fight that could have well taken
place in Madison Square Garden.
as Corti was runner-up for the
honor at the National finals in
1943.
Supported by an all-amateur
cast of ring stars, the main event
is expected to get underway about
9:30 Monday night after four first
rate matches have been presented,
beginning at 8 o’clock.
Corti is favored with a longer
reach than that carried by Smith
but the little veteran of 106 fights
(and winner of 100 of them) is
expected to carry things his way
due to his ability in the pinches.
The brand of boxing slated for
the show is first quality, Promoter
Plunk Mooring pointed out, and
the public was warned that seats
near the ring-side were selling fast
as everyone appears anxious to
get a closeup glimpse of the first
champion to hail from North Caro
lina.
Devils And Tar Heels
Continue League Play
RICHMOND, Va„ Oct. 24—(A>)—
The big guns of the Southern Con
ference football forces—Duke and
North Carolina—will open up again
Saturday after a layoff for exam
inations, the Duke Blue Devils ex
changing fire with Georgia Tech
at Atlanta and the Tar Heels blast
ing away at North Carolina State’s
young eleven at Chapel Hill.
Duke’s powerful Navy-manned
squad is leading the conference
championship struggle with wins
over Richmond and North Caro
lina in as many family tests. Also
on the Blue side of of the Duke
ledger are one-sided triumphs over
the Camp Lejeune Marines and
the Carolina Pre-Flight Cloudbust
ers .The Blue Devils' only setback
was administered bv Navy, 14-13,
in a night game at Baltimore.
North Carolina opened with a 20
7 loss to Georgia Tech, then de
feated Penn State and Jacksonville
but dropped a 14-7 decision to
Duke. North Carolina and Duke
meet again later in teh season.
One other game will count in
the loop standings Saturday, Wake
Forest at Clemson. The Deacons
have won twice in loop competition
defeating N. C. State and V. M. I.,
the latter by a 21-0 margin at
Lynchburg yesterday. Maryland,
Camp Davis and Georgia Tech
have toppled Wake Forest in close
games.
South Carolina, which like Duke
and North Carolina had Navy V-12
athletes, walloped Clemson 33-6
last week in its first conference
start. The Gamecocks, also win
ners over Newberry and Presby
terian, were tripped by a surpris
ingly tough 176th Infantry squad.
They are scheduled to meet the
Charleston Coast Guard team at
Orangeburg, Oct. 29.
Maryland, walloped by Penn
State 45-0, goes to the Greenville
Air Base and V. M. I. will meet Vir
ginia at Lexington in the other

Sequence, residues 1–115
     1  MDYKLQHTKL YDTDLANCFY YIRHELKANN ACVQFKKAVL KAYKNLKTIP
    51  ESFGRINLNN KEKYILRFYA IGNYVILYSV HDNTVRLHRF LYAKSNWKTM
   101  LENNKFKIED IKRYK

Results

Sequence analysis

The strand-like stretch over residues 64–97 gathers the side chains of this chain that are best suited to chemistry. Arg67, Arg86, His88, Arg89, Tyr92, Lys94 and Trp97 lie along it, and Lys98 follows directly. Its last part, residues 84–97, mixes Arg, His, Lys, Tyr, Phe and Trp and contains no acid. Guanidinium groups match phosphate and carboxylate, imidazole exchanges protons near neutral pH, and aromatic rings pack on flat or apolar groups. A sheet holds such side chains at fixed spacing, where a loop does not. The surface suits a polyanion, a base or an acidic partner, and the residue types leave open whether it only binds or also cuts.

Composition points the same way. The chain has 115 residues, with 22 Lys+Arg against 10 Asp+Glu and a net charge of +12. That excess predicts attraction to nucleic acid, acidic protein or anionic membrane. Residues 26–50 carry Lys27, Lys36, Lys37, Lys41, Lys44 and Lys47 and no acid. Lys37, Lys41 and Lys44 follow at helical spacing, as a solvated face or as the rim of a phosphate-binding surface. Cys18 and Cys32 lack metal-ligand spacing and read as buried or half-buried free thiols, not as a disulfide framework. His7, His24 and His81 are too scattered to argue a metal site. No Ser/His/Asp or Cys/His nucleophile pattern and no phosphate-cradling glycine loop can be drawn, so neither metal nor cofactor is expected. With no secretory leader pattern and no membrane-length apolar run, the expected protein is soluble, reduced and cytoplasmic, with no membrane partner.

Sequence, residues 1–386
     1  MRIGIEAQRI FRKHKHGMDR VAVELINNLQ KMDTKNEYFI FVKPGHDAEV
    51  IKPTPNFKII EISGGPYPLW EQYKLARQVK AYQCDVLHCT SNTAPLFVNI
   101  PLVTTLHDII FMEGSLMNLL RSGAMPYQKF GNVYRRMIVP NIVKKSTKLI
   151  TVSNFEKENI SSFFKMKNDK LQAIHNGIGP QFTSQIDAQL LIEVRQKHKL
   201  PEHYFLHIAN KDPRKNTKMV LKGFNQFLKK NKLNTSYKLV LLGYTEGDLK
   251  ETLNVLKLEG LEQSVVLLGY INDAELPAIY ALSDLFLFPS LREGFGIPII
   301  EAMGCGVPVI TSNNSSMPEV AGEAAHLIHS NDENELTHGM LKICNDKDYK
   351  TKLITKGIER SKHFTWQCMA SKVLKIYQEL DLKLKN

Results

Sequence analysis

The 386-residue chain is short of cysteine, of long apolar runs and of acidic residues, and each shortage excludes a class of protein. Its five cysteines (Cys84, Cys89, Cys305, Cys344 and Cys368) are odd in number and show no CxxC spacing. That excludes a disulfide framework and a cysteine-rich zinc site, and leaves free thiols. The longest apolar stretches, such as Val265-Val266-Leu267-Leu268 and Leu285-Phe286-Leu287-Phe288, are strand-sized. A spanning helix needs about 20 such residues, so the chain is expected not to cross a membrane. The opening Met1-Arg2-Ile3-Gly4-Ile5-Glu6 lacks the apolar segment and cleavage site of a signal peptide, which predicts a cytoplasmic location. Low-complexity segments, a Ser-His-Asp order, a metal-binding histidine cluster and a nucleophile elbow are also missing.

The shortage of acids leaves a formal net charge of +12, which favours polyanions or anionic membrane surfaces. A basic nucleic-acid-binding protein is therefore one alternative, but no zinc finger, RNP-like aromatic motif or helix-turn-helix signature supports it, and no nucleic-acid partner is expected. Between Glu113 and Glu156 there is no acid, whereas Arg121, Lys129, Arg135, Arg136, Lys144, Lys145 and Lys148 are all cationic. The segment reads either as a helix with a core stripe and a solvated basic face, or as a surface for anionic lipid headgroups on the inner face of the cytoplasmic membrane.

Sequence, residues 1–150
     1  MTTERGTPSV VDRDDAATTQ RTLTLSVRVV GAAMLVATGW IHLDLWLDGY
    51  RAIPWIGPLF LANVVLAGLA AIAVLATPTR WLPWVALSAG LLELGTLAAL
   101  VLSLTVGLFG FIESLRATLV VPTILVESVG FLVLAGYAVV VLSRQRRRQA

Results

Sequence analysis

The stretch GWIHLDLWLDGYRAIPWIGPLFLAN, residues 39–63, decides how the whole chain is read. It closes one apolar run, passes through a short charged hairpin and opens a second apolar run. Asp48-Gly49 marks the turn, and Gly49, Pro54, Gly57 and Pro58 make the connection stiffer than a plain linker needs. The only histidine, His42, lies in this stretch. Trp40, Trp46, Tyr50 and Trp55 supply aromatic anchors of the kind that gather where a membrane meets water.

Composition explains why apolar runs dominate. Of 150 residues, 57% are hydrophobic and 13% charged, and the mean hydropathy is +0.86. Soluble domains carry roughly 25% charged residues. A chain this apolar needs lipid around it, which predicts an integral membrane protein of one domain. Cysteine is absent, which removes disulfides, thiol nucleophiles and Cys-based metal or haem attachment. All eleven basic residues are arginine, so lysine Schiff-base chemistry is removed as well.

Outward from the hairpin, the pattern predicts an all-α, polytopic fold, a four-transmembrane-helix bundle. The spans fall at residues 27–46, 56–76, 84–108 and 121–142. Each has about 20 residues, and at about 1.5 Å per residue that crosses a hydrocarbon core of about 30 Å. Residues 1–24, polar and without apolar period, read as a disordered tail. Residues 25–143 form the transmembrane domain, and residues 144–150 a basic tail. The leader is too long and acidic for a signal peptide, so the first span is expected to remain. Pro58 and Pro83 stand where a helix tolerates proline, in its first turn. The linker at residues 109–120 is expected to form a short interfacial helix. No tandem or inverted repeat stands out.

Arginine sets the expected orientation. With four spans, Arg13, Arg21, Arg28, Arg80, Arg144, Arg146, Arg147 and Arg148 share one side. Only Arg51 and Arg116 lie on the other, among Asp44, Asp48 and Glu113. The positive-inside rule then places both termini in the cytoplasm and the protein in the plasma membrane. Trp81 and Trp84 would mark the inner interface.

games carded for Saturday. Rich
mond and Davidson have open
dates.
Davidson bowed yesterday to
Camp Davis, 27-0, and nosed out
the Greenville Airmen, 7-6.
The Standings W L PF PA
Duke - . 2 0 75 7
Maryland .—.■ 1 0 13 7
South Carolina —1 0 33 6
Wake Forest —. 2 1 82 19
V. m. I. . 2 2 25 55
Richmond .... —.— 1 1 27 61
Clemson —.— 1 2 52
Davidson --—•• 0 1 0 13
North Carolina - 0 1 7 14
N. Caro. State - 0 2 13 73
RUSSIANS FLOOD
DNIEPER SECTOR
(Continued From Page One)
tempts to break through German
lines between the Sea of Azov and
Zaporozhe were frustrated in bit
ter fighting,” the German com
munique said of the savage fignt
; in lower Russia.
A broadcast by the mysterious
underground radio station At
lantique also announced the evac
uation by German troops of Dne
propetrovsk, metallurgical city in
the upper corner of the Dnieper
loop. The city already has been
flanked by Soviet forces on the
west. Other Soviet units reached
its east bank suburbs weeks ago.
The Berlin bulletin announced
' belatedly that German troops Fri
day night had withdrawn to new
' positions in the western outskirts
of Melitopol. Moscow announced
1 the city’s complete capture Sat
: urday after an 11-day street fight
: which opened the way to the Cri
’ mea, 70 miles to the south.
The Russian newspaper Izvestia
said: “Not one live German re
- mains in the town* The dead ones
■ can be counted by the thousands.
t A German broadcast used the
f word “steamroller” for the first
- time in describing the massive
Soviet onslaught inside the Dniep
1 er loop, and the German high
command also disclosed that an
other Soviet army on the central
front far to the north had been
attacking German lines before
Vitebsk and Orsha for the third
successive day.
Allied military men in Moscow
termed the Soviet break-through
at Melitopol one oi me iiueat xvuo
sian feats of the war. The guid
ing hand of Premier Joseph Sta
lin, as a master military strat
egist, was detected in that
stroke, as it was in the great
Stalingrad victory of last winter.
Moscow reports said the Ger
mans already were getting pan
icky' in the Crimea, and that the
German high command now is
compelled to make a quick de
cision whether to order its men
to stand or flee from that penin
sula.
The Crimean garrison has been
estimated at 100,000. Its exact
strength is not known because the